The importance of 3rd/4th down stops
The 2020 Baltimore Ravens defense ranks 2nd in the NFL through two weeks in third-down defense. The Ravens were a top ten defense a season ago defending against third-down conversions. Against the Chiefs in 2019, the Ravens struggled to get the Chiefs into third-down situations, and when they were able to, they allowed them to convert 5 of their 9 third-down attempts. The Ravens offense went 5-13 on third downs vs the 2019 Chiefs defense.
The Chiefs defense forced 8 third-down stops vs. the Ravens defense, who only forced four third-down stops. The Ravens offense did go 3 for 4 on 4th down attempts in what would prove to be the difference in keeping them in the game. The 3rd/4th down stop differential between the Ravens and the Chiefs would favor the Chiefs, who forced four more 3rd/4th down stops than the Ravens.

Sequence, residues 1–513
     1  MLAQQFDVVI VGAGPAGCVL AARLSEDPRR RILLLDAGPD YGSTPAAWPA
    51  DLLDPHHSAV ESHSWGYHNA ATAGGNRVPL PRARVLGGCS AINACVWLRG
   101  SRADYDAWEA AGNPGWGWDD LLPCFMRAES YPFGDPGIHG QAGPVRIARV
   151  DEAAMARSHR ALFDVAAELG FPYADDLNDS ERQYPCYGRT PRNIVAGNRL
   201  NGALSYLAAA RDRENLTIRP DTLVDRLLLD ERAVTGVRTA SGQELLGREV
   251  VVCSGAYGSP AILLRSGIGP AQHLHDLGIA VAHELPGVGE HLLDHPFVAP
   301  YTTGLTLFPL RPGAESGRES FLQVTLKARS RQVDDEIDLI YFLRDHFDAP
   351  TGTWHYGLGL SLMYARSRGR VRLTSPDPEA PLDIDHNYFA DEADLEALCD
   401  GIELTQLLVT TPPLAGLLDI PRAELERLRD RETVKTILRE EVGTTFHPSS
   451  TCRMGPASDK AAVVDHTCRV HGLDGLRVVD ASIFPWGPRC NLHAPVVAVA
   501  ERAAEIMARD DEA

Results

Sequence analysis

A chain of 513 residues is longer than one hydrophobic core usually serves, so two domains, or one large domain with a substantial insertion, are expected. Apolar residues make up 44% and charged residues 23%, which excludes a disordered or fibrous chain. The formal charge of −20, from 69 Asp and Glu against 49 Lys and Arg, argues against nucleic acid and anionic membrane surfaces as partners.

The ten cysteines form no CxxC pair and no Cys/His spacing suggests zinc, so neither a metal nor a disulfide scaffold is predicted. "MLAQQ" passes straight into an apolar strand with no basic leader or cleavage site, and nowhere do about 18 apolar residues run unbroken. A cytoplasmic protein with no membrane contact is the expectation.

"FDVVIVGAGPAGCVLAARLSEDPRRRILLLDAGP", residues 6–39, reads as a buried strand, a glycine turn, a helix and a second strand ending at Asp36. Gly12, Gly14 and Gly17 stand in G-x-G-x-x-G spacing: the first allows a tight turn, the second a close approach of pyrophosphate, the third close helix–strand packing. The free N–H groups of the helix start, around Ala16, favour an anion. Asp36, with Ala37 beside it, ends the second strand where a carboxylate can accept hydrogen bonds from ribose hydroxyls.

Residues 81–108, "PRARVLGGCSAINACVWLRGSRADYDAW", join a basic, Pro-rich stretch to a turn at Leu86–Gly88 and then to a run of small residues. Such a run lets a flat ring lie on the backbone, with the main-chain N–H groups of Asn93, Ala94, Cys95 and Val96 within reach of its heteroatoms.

A handful of plays decides the outcome of most NFL games.
The difference in most NFL games will come down to a handful of plays. You can point to these plays as the reason for the outcomes that transpire in any game. In 2019, the difference between the Chiefs and the Ravens came down to a handful of High Impact plays. Getting stops on 3rd/4th down is the most impactful to winning or losing a football game. Both teams will do their best to stay ahead of the chains to prevent third down and long.
Stay ahead of the chains (on-schedule)